#ProCopyChat on Twitter asked for one bit of advice for copywriters; don't let perfect get in the way of good, I replied. It's important for us all to remember that.
We get a brief.
We read the brief.
We pace the room barefoot, fuelled by the finest Colombian (coffee, of course).
We pore over web-pages and leaf through books looking for that killer idea.
We then agonise over every word, full-stop, comma and clause.
We ditch our first draft.
We write something that won't ever get signed off, but is genius.
We delete the greatest work of our careers so far.
We play safe and write something we think the client or stakeholder will love.
We sweat over dangling participles and the preposition at the end of the sentence.
We remember no-one cares about proper grammar and are more likely to bemoan the preposition "And" at the beginning of the sentence.
We stick to our guns and keep it in.
We send it back to the client with a little flutter of nervous butterflies in our tummies.
We pat ourselves on the back with a celebratory tweet.
But then your copy is returned with Track Changes and comments. It's not quite right.
We've not considered legal or technical aspects of the product. Or dogma means that your copy is too out there.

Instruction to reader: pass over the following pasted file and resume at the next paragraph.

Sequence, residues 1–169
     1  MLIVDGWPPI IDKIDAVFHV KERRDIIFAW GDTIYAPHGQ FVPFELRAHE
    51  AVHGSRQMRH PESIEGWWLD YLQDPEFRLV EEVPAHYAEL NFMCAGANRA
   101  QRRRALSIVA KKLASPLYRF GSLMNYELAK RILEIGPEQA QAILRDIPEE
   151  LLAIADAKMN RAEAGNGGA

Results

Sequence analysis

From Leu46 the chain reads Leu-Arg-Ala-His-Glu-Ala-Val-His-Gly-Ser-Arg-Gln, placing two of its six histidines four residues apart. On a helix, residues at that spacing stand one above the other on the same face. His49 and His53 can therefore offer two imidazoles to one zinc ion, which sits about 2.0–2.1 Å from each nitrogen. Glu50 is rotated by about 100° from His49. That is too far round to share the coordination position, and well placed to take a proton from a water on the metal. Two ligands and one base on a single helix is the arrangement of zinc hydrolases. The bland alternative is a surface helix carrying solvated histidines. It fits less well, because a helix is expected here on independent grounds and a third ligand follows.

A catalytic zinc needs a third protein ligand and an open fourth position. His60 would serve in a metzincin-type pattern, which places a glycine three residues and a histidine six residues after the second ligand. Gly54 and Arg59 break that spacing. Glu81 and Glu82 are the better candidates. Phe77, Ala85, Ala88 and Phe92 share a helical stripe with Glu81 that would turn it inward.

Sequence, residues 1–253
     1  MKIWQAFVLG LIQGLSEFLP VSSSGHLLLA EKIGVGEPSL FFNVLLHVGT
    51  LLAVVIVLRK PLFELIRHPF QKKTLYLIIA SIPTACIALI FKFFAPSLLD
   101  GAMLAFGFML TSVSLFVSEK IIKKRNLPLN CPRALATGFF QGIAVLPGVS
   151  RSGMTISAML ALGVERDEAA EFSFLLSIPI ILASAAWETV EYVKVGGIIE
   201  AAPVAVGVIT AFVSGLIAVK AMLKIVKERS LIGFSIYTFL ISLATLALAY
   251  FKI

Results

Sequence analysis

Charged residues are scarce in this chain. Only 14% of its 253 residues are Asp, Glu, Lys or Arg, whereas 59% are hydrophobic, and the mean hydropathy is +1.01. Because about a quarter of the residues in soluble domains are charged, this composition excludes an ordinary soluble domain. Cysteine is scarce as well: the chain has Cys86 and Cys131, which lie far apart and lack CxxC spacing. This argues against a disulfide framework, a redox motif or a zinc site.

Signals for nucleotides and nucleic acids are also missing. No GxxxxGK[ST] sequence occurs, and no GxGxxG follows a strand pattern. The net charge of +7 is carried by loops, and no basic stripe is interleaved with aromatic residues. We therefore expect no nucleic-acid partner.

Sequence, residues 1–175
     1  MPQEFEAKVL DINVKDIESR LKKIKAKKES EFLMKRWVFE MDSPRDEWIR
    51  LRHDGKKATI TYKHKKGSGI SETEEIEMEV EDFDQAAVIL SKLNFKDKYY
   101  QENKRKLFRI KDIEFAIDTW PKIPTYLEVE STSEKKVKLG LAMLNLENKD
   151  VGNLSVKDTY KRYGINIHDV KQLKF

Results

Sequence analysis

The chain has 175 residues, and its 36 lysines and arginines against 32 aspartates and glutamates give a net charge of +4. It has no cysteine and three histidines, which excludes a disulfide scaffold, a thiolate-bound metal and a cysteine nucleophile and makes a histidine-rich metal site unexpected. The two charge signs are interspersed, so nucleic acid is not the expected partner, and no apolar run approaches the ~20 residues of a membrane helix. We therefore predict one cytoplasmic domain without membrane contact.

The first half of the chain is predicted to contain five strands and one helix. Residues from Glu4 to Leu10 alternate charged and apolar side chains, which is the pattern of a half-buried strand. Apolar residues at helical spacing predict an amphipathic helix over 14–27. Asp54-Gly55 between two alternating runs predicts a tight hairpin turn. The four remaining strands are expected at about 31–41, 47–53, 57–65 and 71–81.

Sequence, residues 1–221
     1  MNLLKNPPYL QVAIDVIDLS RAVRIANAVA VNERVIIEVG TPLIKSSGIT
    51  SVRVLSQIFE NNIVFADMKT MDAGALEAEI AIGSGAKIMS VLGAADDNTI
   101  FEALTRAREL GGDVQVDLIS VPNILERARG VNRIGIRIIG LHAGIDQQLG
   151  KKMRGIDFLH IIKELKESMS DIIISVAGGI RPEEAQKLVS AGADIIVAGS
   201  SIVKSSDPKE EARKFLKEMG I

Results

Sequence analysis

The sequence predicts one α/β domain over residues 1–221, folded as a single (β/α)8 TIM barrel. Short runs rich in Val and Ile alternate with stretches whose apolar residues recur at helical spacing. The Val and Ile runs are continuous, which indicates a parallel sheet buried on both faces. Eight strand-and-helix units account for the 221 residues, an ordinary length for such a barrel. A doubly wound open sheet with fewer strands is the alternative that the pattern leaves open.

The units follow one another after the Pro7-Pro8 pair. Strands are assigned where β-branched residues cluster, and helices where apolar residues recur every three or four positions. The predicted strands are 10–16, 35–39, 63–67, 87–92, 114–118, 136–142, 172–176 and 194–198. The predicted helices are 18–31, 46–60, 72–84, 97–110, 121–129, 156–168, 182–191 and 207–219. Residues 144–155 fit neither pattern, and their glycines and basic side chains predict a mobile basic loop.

Sometimes you get comments that make no sense, are irrelevant or show no understanding of our art.
All that time spent creating the most perfect piece of work has been wasted, as someone else didn't think it was perfect.
The biggest problems copywriters face is no one gets what we do, we're extremely passionate about our craft and it's completely subjective.
More often than not, the copy I thunk out takes me, on average, about an hour. I read the brief and brainstorm through my fingers. Sometimes I crack it and sometimes I misjudge a client's appetite for creativity.
Everyone knows the first draft is bollocks, so I just use my best first draft as a starter for 10 to gauge what the client is looking for. And, as we all know, the brief isn't always as good as it should be, so they remember stuff when they read your copy that they should've put in the brief, but didn't.
My point is, a lot of work doesn't have a big audience and is of low value to a business. And the high-profile stuff has the world and his wife looking at it.
Stakeholders will always make both valid and invalid changes, so don't spend hours creating the advertising world's Sistine Chapel, when a simple lick of white emulsion is good enough.